That nose for news prevailed throughout her career. With a seemingly insatiable thirst to know what was going on, she hobnobbed with every important criminal lawyer in the city. As one-time colleague Pierre Berton observed long ago: "She never did the job the way a reporter should. She got too involved … but she scooped us all."
Not long after she joined the Sun, she met Leon Holt, a freelance photographer and eventual high school teacher, at a sailboat party. The two married May 29, 1949. They remained happily wed for 37 years, until Mr. Holt died of a heart attack while playing tennis. Low-key and mild mannered, he seemed an unlikely partner for his often mercurial wife. Asked what kept him by Ms. Holt's side all those years, Mr. Holt liked to say: "I stay to see what happens next."
Ms. Holt was named to the Canadian News Hall of Fame in 1996, the same year she was named a member of the Order of Canada, which cited her "lifelong commitment to assisting those suffering from injustice, persecution and poverty."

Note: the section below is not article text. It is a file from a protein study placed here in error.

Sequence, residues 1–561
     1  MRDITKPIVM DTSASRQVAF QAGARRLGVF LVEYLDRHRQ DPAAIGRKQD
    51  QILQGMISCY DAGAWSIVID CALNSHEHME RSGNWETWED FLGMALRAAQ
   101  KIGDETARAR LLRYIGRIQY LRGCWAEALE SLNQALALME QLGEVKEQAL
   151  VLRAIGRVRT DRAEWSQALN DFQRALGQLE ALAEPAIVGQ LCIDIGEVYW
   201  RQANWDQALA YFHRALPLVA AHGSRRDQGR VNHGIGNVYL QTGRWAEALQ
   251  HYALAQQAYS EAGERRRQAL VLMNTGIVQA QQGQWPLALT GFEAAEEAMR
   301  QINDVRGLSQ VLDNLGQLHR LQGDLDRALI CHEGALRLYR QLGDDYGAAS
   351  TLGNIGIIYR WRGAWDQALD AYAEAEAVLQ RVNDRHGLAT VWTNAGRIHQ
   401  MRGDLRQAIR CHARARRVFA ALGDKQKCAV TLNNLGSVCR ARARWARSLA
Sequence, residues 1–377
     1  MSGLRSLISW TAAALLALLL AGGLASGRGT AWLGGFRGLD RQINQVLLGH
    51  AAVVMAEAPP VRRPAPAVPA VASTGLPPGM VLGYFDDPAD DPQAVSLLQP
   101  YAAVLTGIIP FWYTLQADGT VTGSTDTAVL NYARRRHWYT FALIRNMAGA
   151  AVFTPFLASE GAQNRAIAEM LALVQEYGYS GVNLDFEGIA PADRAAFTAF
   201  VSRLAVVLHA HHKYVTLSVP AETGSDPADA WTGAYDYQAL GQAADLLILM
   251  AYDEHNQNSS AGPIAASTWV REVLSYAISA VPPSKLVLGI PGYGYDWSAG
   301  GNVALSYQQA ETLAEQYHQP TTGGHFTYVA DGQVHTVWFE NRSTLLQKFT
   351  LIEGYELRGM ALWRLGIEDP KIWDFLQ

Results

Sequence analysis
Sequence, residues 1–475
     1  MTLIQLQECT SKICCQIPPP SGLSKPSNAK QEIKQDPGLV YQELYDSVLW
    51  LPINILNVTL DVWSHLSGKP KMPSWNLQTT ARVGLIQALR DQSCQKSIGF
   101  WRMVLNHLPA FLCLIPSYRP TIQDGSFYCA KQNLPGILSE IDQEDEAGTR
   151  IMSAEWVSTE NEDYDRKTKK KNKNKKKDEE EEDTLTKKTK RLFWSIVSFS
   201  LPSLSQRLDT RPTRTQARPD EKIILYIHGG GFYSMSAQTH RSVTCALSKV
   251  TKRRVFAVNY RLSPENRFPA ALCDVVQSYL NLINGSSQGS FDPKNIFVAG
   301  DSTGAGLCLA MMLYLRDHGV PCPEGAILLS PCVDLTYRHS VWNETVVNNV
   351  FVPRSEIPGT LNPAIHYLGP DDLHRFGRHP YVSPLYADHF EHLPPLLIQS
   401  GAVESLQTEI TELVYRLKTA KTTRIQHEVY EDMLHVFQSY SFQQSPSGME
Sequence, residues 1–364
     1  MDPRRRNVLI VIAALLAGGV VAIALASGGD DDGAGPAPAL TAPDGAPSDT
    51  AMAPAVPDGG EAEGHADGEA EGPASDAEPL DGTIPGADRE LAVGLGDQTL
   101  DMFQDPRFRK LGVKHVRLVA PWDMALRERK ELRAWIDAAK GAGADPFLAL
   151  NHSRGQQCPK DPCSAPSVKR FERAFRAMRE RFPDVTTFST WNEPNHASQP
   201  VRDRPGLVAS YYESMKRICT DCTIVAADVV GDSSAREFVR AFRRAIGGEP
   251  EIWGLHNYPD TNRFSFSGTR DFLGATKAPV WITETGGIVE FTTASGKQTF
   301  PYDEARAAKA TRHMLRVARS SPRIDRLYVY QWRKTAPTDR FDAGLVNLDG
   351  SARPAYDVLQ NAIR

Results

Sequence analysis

Ms. Holt's five books reflected her abiding interest in matters outside the norm. The Devil's Butler detailed a night of torture and assault by members of the Satan Angels Motorcycle Club on a helpless young captive. There was a book on what Ms. Holt felt were the dangers of teenage sex. Terror in the Name of God, her most famous book, dove headlong into the wave of nudity, arson and occasional bombings by Sons of Freedom Doukhobors in the 1950s and 1960s. Ms. Holt's account became a nationwide bestseller, though widely derided by some at the time and long afterward for its inaccuracies, absence of nuance and lack of objectivity. But the book was vintage Simma Holt, who saw most issues as black and white. She revelled in controversy and doing things her way.
At her best, however, her enduring curiosity paid off with exclusive stories that shook up the establishment. And this was what led her to Edna May Brower, John Diefenbaker's virtually unknown first wife, as the subject of her most accomplished book, The Other Mrs. Diefenbaker, which also became a bestseller.
After Ms. Holt died, many noted her lifelong tendency to speak out and rail against those who didn't see matters the way she did. Nephew Nathan Smith, a former journalist himself and now a B.C. Supreme Court Justice, recalled that Ms. Holt had left instructions at the assisted living facility where she lived toward the end, demanding that no death announcement proclaim she had passed away peacefully. He reassured her: "Don't worry, you've never done anything peacefully in your life." He also recalled Ms. Holt's own proposal that her gravestone carry the inscription: "Silent at last."
Ms. Holt leaves her brother, Earl Milner of Edmonton, and numerous nieces, nephews, grandnieces and grandnephews.